His new television special - which few of us, if any, will ever see - was to have been called "Far From Finished". Anyone paying attention in the last week would beg to differ. Bill Cosby's remarkable, 50-plus year career came to a spectacular, irrevocable end this week. It's all over.
The first paragraph of his obituary will not take note of the "beloved funnyman" who had ranked, in my estimation, right up there with Mark Twain, Robert Benchley and Will Rogers as one of the great humorists of the twentieth century.
Instead we will be told the sordid tale of "history's most successful serial rapist" as he was referred to a couple of days ago. I cannot recall in my lifetime a career crashing as completely and unexpectedly as this. As a longtime fan and admirer, this is indeed a sad and disturbing thing to behold.
Not all of the 16 women whom have come forward are to be taken seriously. One of them, who claims that her confrontation with Cosby took place in 1969, says she would jokingly call him, "Mister Jell-o". Cosby would not become the spokesman for that brand until 1974. As of this moment I seem to be the only one to have noticed this little discrepancy. What does that tell you about our media?
But where there's smoke....
Most of the claimants have the bitter ring of credibility. One woman, who actually appeared with Cosby in a string of educational videos, was a mere 15-years-old when she says she was drugged and raped by "America's dad". A few of the women seem to have nothing to gain by coming forward with their stories - and they're coming forward in droves. As of this morning, the number is 16 and counting. It's a safe bet that we'll hit 17 by day's end. Fortunately for Bill, all of the accusations are beyond the statutes of limitations. That could change.
Bill Cosby may very well end up as the Joe Paterno of comedy. A brilliant, scandal-free career and reputation that has endured for over half a century is in the process of immolation.
One of the first books I ever purchased to read - with my own money, for my own enjoyment - was called "Cool Cos". It was a biography of Bill written especially for kids. I sent away for it to a school book club. I was around 10 at the time.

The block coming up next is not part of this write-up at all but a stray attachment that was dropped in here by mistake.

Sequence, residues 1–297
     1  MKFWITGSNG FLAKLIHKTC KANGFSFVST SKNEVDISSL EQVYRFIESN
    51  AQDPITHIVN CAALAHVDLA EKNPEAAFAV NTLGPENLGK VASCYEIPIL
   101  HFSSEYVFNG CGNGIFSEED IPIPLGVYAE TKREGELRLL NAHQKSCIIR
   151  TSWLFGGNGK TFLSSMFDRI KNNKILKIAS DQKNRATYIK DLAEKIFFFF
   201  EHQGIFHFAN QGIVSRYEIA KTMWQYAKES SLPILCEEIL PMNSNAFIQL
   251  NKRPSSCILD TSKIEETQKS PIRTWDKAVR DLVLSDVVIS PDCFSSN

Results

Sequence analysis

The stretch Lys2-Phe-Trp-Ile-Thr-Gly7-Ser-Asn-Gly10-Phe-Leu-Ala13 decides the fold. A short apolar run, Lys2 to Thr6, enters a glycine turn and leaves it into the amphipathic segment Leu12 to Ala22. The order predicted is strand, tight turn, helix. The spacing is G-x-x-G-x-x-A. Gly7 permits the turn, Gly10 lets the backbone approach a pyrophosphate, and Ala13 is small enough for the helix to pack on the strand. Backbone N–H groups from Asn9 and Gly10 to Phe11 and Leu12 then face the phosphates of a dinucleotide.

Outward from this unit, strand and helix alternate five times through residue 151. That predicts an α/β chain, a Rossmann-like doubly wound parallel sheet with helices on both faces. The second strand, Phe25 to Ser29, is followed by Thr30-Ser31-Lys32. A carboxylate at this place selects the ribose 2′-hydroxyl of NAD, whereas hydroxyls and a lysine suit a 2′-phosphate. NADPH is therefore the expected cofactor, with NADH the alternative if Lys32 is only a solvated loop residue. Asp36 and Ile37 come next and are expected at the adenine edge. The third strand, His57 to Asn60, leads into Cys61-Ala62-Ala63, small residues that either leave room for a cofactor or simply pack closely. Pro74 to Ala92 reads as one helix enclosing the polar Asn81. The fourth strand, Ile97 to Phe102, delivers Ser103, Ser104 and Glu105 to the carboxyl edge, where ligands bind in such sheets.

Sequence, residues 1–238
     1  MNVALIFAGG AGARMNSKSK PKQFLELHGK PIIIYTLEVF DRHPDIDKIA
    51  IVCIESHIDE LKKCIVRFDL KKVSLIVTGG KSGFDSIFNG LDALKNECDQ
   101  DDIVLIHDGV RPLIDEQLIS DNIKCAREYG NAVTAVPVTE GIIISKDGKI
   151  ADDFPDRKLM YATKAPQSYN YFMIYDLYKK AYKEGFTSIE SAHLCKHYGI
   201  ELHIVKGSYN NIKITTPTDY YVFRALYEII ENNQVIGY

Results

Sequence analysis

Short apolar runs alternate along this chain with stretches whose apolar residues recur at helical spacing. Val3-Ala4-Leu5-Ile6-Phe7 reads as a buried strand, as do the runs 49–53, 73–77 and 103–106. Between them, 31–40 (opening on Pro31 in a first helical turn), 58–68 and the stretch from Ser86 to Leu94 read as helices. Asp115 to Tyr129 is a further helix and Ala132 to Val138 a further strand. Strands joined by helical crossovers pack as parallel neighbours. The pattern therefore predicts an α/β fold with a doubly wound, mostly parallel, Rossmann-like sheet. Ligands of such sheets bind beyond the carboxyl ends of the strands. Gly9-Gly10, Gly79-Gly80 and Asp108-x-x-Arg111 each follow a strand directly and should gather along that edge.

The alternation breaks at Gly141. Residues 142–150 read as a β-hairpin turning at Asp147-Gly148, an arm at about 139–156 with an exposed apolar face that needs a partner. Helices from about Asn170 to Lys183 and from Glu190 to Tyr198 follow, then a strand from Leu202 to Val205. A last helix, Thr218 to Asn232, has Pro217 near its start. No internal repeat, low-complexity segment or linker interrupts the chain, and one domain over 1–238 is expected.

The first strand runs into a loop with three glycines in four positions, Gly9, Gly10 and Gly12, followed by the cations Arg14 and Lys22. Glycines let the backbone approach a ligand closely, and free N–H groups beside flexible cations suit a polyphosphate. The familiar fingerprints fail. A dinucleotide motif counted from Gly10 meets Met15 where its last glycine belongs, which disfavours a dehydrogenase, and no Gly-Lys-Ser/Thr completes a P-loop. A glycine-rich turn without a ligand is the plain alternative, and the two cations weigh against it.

In a lifetime that has been devoted to comedy in general and comedians in particular, Bill Cosby was my first comedic hero. When I was a kid I thought that he was the smartest, coolest, funniest human being who ever walked this earth. As I write these words his second LP, "I Started out as a Child", is lying atop a small stack of records directly behind my right shoulder.
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In June of 1968 my father came up the brilliant idea that it would be a wonderful thing to send my brother and I to a summer camp in Lenox, Massachusetts, on the campus of Cranwell School. The place was inhabited by hundreds of spoiled, rich Catholic kids, and run by humorless Jesuit priests. Sound like fun? My only cherished memory of that utterly wasted summer was that every Monday night before we went to sleep, a seminarian named Jim Leroux would gather us in his room and play a Bill Cosby record. I can still hear the guy's voice 46 years later:
"ATTENTION CAMPERS, EACH OF YOU WILL BE READY FOR BED IN EXACTLY TEN MINUTES OR THERE WILL BE NO - I REPEAT - NO BILL COSBY!!!"
That threat was enough to get us moving, believe me. Bill Cosby was, for me, one of the very few bright spots in a perfectly miserable childhood. That is what makes this spectacle all-the-more heartbreaking for me to have to witness.
The only time in my life I ever saw a comedian in concert was in the mid-eighties when I took a date to see Bill Cosby at New York City's Radio City Music Hall. I could not resist the opportunity to see my childhood hero in the flesh. One of my nagging regrets is that I'm too young to have ever seen Lenny Bruce in person, but at least I could say that I saw Bill.
All of the sudden that's not too big a deal any longer, you know? A few nights ago I was driving home with the radio on when it was announced on CBS News that the TV Land network would no longer be airing reruns the classic Cosby Show. In an era of hideously mediocre comedy, that particular program was one of television's depressingly few high marks. I won't even bother trying to explain to you how sad it made me to hear this.
I loved Bill Cosby.
His meteoric career is over. We shall not hear from him again except as a figure of shame, ridicule or dark satire. There will be no second act in this American life. As tragic as Lenny's end ultimately was, death and posterity would vindicate him. There will be no such vindication for Bill Cosby. The show is over; the curtain has closed. 2014 has been a horribly unfunny year for comedy, have you noticed that?
Don't be heartbroken when your heroes let you down. They always will, you know. They always will. They're just too damned human.